As disappointing as it is, living in a tiny world is not the worst thing in the world. It took me awhile, but over time I learned to accept the situation. I know that I will always be limited as to where I can take my dogs and I am finally ok with that.

Turbulent Tummies

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Aspen has blood coming out of her butt. I had just come out of a Starbucks about thirty-five minutes from home when my husband called to deliver this alarming news. Trying to remain calm, I told him that I would be there as quickly as possible and to have Aspen ready to go the emergency veterinarian hospital. It was Sunday, of course, and our regular vet was closed. The drive home seemed endless and I tried to avoid imagining worst case scenarios which proved to be a difficult task.

When I arrived home Aspen was no longer bleeding and seemed fine which slightly eased my worries. The hour-long drive to the hospital appeared to be a carefree ride in the car for Aspen as she showed no signs of being ill.

At the hospital Aspen was examined by a vet and a blood sample was taken. In a short amount of time our eighteen month old dog was diagnosed with hemorrhagic gastroenteritis.

Hemorrhagic gastroenteritis, also known as HGE, is an acute illness that can become life threatening in a short time if not treated immediately. The chief symptom of HGE is bloody diarrhea, ranging from bright red drops to a “raspberry jam” consistency. Dogs suffering from HGE may also exhibit vomiting, with or without blood, and lethargy.

Although HGE has been diagnosed in large dogs, it is more commonly seen in toy and small breed dogs. Veterinarians are not sure what causes this illness, but theories include bacterial infections, parasites, food allergies, and/or stress.

Fortunately, Aspen’s HGE was caught in a very early stage. Since that first episode, both Aspen and Malibu have had multiple bouts of HGE, with some cases being mild and others more serious. Several cases have required overnight hospitalization, but usually an IV fluid treatment and medication is all that is necessary. Metronidazole is prescribed and given for a week or two.

At some point in time, it was recommended that we change Aspen’s diet to Hill’s Prescription i/d.  This particular food is given to “promote gastrointestinal health”. A couple of years later, after another HGE episode, Aspen was switched to a different Hill’s formula. Believing that her HGE may be caused by a food allergy, Aspen’s vet prescribed z/d, which is hypoallergenic. We gave it a try even though I did not feel that the HGE was caused by Aspen’s diet. If the food Aspen was eating was causing the issue, she would have had symptoms more than a few times a year. Finally, we returned Aspen to her original diet, Wellness.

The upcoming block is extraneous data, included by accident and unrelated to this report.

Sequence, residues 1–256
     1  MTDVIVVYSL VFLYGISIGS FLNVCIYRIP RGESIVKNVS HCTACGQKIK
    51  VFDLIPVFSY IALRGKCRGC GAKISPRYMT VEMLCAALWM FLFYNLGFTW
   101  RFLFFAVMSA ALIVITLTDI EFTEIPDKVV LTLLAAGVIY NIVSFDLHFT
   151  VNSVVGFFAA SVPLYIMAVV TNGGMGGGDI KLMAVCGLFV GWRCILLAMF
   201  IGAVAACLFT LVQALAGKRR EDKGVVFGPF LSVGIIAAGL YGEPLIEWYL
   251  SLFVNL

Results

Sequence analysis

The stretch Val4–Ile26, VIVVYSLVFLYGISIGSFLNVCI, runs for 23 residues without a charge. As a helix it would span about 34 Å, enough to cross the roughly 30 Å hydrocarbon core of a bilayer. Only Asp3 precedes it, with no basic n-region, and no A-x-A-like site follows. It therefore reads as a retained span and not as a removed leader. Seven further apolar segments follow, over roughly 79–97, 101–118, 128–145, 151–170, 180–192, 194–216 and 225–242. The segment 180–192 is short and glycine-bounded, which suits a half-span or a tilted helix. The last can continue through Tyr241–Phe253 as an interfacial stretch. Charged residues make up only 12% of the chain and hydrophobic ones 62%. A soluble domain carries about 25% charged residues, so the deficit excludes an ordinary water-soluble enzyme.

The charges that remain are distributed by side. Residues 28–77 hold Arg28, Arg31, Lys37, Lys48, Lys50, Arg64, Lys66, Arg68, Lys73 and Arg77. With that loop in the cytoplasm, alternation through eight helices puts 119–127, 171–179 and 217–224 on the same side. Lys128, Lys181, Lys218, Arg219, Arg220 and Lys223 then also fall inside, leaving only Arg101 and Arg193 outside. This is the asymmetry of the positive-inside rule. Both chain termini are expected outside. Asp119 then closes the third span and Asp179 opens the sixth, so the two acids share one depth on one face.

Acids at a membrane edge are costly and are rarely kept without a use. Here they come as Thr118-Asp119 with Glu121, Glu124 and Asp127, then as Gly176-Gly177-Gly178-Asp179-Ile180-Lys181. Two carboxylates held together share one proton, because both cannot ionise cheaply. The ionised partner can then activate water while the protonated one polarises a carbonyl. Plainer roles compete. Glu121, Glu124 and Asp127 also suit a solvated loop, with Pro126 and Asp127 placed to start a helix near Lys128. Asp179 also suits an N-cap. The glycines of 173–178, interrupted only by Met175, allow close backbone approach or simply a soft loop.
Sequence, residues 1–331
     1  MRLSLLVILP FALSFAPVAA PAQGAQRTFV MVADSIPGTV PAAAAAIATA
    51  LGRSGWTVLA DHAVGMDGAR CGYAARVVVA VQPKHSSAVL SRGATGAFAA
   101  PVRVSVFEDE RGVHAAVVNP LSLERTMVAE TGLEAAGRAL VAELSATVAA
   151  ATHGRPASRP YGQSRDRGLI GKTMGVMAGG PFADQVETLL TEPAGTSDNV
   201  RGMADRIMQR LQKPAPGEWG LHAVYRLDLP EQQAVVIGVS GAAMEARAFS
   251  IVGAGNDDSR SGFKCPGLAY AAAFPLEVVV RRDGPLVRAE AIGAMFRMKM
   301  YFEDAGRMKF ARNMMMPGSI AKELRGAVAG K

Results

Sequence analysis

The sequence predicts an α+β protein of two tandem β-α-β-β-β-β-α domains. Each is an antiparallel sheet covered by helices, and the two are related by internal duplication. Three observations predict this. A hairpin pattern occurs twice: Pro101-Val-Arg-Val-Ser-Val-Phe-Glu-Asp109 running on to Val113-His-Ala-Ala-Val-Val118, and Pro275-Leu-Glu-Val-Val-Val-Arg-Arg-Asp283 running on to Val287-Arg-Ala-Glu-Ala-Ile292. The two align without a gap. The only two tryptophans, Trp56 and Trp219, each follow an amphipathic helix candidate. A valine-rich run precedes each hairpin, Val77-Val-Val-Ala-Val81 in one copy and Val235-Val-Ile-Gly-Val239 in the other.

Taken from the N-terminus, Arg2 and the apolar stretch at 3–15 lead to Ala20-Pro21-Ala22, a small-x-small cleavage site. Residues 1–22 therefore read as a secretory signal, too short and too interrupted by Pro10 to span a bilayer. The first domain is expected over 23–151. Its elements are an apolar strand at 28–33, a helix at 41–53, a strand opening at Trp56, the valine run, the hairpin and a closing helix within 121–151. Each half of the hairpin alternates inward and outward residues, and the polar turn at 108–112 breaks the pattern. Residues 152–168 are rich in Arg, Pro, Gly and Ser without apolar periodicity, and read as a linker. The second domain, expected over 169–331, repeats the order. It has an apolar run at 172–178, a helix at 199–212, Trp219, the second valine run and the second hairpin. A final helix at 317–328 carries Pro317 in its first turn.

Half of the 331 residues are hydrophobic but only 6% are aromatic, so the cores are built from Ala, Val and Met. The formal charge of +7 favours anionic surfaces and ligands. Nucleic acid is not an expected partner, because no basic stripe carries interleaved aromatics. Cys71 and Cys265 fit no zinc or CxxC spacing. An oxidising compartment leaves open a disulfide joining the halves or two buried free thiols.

Despite the clinical symptoms of HGE lasting only a few days, a couple of Aspen’s bouts led to significant weight loss over the months following her illness. The reason for this is unknown.

The last HGE episode that required a visit to the vet for Aspen was about a year ago. The vet recommended that Aspen remain on the Metronidazole indefinitely, but I was not in agreement.

Seeking a second opinion I scheduled an appointment with a veterinarian gastroenterologist. The doctor provided me with additional information about HGE and stated that she does not consider it a disease, but rather a symptom of a disease.  Lab work was ordered to rule out Addison’s Disease and Maldigestion disorder. Test results were negative and Aspen was diagnosed with chronic, intermittent colitis. Like Aspen’s regular vet, the specialist  recommended that an antibiotic be given indefinitely.

Tylan was prescribed rather than Metronidazole with the goal of using the lowest dose needed to avoid symptoms.  In June of 2016 Aspen began taking two Tylan capsules a day. By December of that year she had been weaned to one capsule every third day. That did not last long because Aspen’s symptoms returned and the dosage was increased to one capsule a day. Last month I lowered the dosage to one capsule every other day.

I recently began giving my dogs probiotics with the hopes of preventing future episodes of HGE. Not everyone agrees that probiotics are worth the expense, but some tout the many benefits of giving them to our pets. “Boosting your dog’s immune system is probably the most important role of probiotics”, states Dogs Naturally Magazine. They add that, “A good balance of probiotics helps reduce inflammation throughout your dog’s body and that lowers their susceptibility to chronic disease.”

Although HGE can be a serious and life-threatening illness, I have been fortunate enough to identify its earliest symptoms in my dogs and seek treatment. Not knowing the exact cause of HGE is frustrating. Perhaps there are multiple causes, not just one. The important thing is treating it when it does happen.

Update – August 11, 2017